Dollarama adjusts product lines as stores set to introduce $5 maximum price

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Discount retailer Dollarama Inc. has started rolling out new price points up to $5 as it adds new products and restocks others amid a shift in consumer spending patterns.

The dollar store will now stock goods from under $1 to $5, the company said Wednesday as it reported quarterly earnings.

The retailer reported higher sales and profit in the quarter ended May 1 as pandemic restrictions lifted and the hunt for bargains increased as shoppers continue to face soaring inflation.

Stores saw an increase in shoppers and high demand for everyday consumables and seasonal products, said Dollarama president and CEO Neil Rossy.

“The first quarter reaffirms the relevance of our business model,” he said during a call to discuss the company’s latest financial results. “It also echoes the positive consumer response to our value proposition in a high inflation environment.”

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Dollarama announced plans to raise its maximum price to $5 earlier this year, but customers haven’t yet seen those prices in stores. Still, Rossy noted that the higher price point has enabled the company to return to selling popular products that had been moved off shelves amid rising costs and to introduce new products.

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The company posted a profit of $145.5 million, up from $113.6 million in the same quarter last year, as its sales rose 12.4 per cent.

The result came as spending patterns appeared to shift in the quarter as customers shopped more often, but bought less with each visit compared with a year ago.

The trend was reflected in a 14.4 per cent increase in the number of transactions while the transaction size dropped 6.2 per cent.

The company will continue to work to mitigate ongoing supply chain and cost pressures to provide consumers with the best relative value on the market, Rossy added.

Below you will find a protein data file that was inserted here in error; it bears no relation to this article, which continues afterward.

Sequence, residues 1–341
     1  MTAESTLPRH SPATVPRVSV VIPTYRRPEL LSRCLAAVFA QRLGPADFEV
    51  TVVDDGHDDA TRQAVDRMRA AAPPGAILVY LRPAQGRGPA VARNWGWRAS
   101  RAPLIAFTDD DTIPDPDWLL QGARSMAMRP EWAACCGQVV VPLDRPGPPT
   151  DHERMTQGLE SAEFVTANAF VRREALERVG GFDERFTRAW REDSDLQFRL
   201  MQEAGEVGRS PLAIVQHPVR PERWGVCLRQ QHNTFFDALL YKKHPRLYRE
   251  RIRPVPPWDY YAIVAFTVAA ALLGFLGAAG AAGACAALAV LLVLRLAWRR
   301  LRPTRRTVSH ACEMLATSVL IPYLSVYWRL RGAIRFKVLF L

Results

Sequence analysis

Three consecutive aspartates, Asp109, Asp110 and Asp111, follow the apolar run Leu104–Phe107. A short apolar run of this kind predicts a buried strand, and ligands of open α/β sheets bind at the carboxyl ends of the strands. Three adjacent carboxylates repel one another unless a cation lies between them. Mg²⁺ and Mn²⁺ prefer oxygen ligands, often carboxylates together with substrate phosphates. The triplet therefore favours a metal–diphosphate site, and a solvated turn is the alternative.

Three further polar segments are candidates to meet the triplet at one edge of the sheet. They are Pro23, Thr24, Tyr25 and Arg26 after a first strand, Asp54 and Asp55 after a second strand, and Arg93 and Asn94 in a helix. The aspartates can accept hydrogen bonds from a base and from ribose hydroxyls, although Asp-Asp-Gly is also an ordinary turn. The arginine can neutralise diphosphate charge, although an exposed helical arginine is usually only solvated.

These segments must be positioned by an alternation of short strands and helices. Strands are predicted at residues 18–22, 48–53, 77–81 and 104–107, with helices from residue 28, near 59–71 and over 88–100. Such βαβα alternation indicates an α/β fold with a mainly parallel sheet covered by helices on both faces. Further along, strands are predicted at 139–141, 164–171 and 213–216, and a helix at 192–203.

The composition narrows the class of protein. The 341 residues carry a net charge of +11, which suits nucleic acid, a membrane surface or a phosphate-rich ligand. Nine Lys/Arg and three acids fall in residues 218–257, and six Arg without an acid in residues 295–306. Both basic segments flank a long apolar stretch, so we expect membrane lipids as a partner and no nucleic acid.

Click to play video: 'Here’s why Dollarama may have to raise its prices'
Here’s why Dollarama may have to raise its prices

The company is continuing to face shipping delays of six to eight weeks, and is pre-ordering its merchandise much earlier than usual, he said.

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However, unlike in the U.S., where some retailers are marking down excess inventory as consumer demand softens, the Canadian dollar store’s goods “remain relevant over the course of time,” Dollarama chief financial officer J.P. Towner said.

“We have the ability — and we’ve done it for years — to pack away inventory at the end of the season that sold less than … expected,” he said. “Our goods don’t go out of fashion.”

Meanwhile, wage inflation has emerged as an issue for the retailer, particularly in regions with less immigration, Towner said.

READ MORE: Dollarama’s founding Rossy family selling 2.2 million shares in retailer

Dollarama’s profit amounted to 49 cents per diluted share for the quarter, up from a profit of 37 cents per diluted share in the same quarter a year earlier.

Sales in the first quarter of the company’s 2023 financial year totalled $1.07 billion, up from $954.2 million. Comparable store sales rose 7.3 per cent.

The Montreal-based retailer has 1,431 stores in Canada, including 10 net new stores that opened in its most recent quarter.

The company also owns a 50.1 per cent equity stake in Dollarcity, a Latin American discount retailer with 358 stores in Colombia, Guatemala, El Salvador and Peru,


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